About a month ago, I completed a very fun and intense achievement. Every week since then, I’ve been leading a Sarth Drake Run. We agreed that we would zerg Sartharion every week until we all have our Black Drakes. Each time we’ve been there, I’ve led a group that kills Sartharion zerg style in less than 4 wipes.

The problem with me leading a raid is that I hate leading raids.
I hate giving out assignments.
I hate explaining fights.
I hate people whispering me asking about a fight mechanic.
I hate being of charge of what Paladins should Bless what.
I hate calling out Bloodlust.
I hate telling people to move out of fire.
I hate announcing Fire Walls.
I hate having to manage Master Looter or be in charge of someone doing Master Looter.

Yet somehow I managed to lead a Sartharion Zerg. I ask myself: How can someone who hates raid leading, raid lead a hectic and somewhat demanding fight?

The answer is this: The success of bad raid leaders isn’t in the raid leader. The success of a bad raid leader is in the raid and how well each member takes charge of their own characters.

On our second attempt, our single healer disconnected. He said so on vent and my immediate thought was to wipe it. The Elemental Shaman was throwing heals on the tank and we lived for another 40% or so. We had 2-3 paladins in the raid. Everyone wants a different Blessing. Yet I didn’t tell the Paladins to bless anything specifically. The simplest way for people to do this is not set up Pally Power, but the Paladins need to be smart and Bless the proper people with the proper Blessing (Like Might on Healers? Really?). I never did a ready check in between attempts. If you are at the muster area pre boss, I assume you are ready to pull. I never had to deal with any “ninja AFK”. Just type in raid chat if you are going AFK and don’t AFK without telling someone. Rather than waiting for people to return from AFKs or get in range of buffs, we had to wait for Bloodlust and tank cooldowns to reset between each attempt because everyone in our group was quick to get back in place and try again.

I don’t even use Master Looter for these runs. Everyone who I choose to take on these runs, is either from my guild or I have past experience running dungeons with. These people know that we’ll keep doing these runs until we all have drakes, so there is no drake ninja. I tell everyone to simply pass on all the items, and we can do standard rolls. The same way a Master Looter does, except I don’t have to worry about distribution loot. Think of this like a loot Honor System. If you can implement this into your raids, you are one step closer to having a trustworthy, reliable and rational raid.

What did I do differently than any other successful raid leader? Nothing. I might even do less work than most raid leaders. However, I had an excellent group. A better question is “What did my raid do?”, and the answer to that is took charge of their roles and tasks and were smart about it.

Advice for raid leaders: Nothing new. If you are a raid leader leading groups that are killing raid bosses, you are probably doing something right. If raiding is your primary goal and people in your raid aren’t smart, and aren’t learning encounters simplest thing to do is replace them. If you have a great raid group, try running without Master Looter on, but make sure everyone knows what to do.

Advice for raid members: Be smart, and use your class. React to each situation accordingly. When a wipe is called, or when it is inevitable release and runback. We are no longer is vanilla and raiding doesn’t require 8hours/6nights anymore. Slow raiding is dumb raiding. By being smarter, you can make more your raid time more effective.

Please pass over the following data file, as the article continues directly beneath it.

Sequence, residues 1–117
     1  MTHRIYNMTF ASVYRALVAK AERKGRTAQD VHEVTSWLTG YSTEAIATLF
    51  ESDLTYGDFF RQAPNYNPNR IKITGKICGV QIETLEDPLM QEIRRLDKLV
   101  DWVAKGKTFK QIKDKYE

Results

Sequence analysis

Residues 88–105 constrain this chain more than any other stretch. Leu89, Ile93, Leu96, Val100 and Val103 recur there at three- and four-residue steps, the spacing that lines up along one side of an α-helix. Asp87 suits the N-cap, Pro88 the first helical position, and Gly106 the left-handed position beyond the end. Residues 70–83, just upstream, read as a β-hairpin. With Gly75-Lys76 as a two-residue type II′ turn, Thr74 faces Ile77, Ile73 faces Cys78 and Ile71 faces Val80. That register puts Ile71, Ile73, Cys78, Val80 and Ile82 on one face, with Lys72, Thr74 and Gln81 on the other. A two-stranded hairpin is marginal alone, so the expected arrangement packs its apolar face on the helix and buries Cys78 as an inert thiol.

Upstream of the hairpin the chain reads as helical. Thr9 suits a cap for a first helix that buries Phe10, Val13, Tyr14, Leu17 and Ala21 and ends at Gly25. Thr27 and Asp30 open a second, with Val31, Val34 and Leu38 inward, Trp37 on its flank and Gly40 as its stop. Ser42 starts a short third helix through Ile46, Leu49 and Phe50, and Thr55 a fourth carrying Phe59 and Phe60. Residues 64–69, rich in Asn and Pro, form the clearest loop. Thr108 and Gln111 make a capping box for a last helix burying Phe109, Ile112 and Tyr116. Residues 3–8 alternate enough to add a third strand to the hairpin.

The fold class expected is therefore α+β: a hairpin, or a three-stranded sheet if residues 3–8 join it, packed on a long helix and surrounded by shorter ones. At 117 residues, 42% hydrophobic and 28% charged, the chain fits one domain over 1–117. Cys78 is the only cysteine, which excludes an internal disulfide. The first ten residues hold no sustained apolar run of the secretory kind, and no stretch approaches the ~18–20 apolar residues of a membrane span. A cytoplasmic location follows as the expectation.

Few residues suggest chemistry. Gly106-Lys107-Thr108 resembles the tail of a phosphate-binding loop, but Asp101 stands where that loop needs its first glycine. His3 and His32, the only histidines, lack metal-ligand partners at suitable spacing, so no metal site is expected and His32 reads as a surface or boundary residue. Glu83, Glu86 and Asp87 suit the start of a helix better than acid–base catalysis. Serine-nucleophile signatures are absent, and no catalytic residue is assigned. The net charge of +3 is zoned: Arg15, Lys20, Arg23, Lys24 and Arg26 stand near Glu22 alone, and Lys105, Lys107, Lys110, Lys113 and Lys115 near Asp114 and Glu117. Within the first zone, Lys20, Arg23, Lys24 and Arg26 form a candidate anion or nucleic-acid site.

This past week, I got a pretty cool achievement. I zerged 10 man Sartharion with 3 drakes up. To summarize, doing this fight as a zerg is a lot of fun. At the gear level available in game, it’s really easy, it doesn’t require more than 10 people to do and a good pug will be able to clear this. I’ll run down what I did with my group to accomplish this.


How to get your group together:
The interesting thing about this is I did this as a pug I put together on the Exodar forums. I put a post up on the forums with a date and time for the run seeking anyone interested in taking part in the zerg. As soon as people started posting, I filled a roster up pretty quickly (about 3-4 days before the run happened). I took 4 people from Mediocrity, and the other people consisted of pugs from 4 other guilds. Calling this a pure pug would be a lie, but the group was put together in a pickup group style. You can find your group anyway you want, forums in guild, in trade. Most groups will be able to do this if you have heroic 5 man Trial of the Champion-Naxx-Conquest gear. The better the gear, the easier it is.

What to take:
In the group we had a Protection Paladin tanking and a Holy Paladin healing, and the damage dealers were a Warlock, Elemental Shaman, Feral Druid, Fury Warrior, 2 Death Knights, Marksman Hunter, Arcane Mage. You’ll want 1 tank, 1 healer and 8 DPS(1 who can taunt). Group composition shouldn’t matter too much as long as the roles are filled. You’ll want at least 1 person who can taunt and a Shaman for Bloodlust though. Each DPS should be able to sustain about 4000 DPS over roughly 80 seconds using bloodlust, trinkets and big cooldowns(which is extremely easy with the current gear availability). More important than DPS, everyone in the group should be able to survive fire walls with minimal movement.

Pulling and positioning:
After all the trash is cleared in the instance make your way to the back of the room. You’ll want to pull Sartharion from his left rear side. The tank will turn him around. Everyone except the tank should stand at the back of the room. Movement is key, and it won’t be perfect the first time. Allow yourselves a few wipes to get used to movement. As for fire walls*, when a fire wall comes from Sartharion’s head the group will collapse on a little piece of land sticking. When fire walls come from his tail, the group can collapse on Sartharion (not behind him to counter tailswipes and not in front of him to counter flame breathes). Again, the less you move the more you focus on DPS.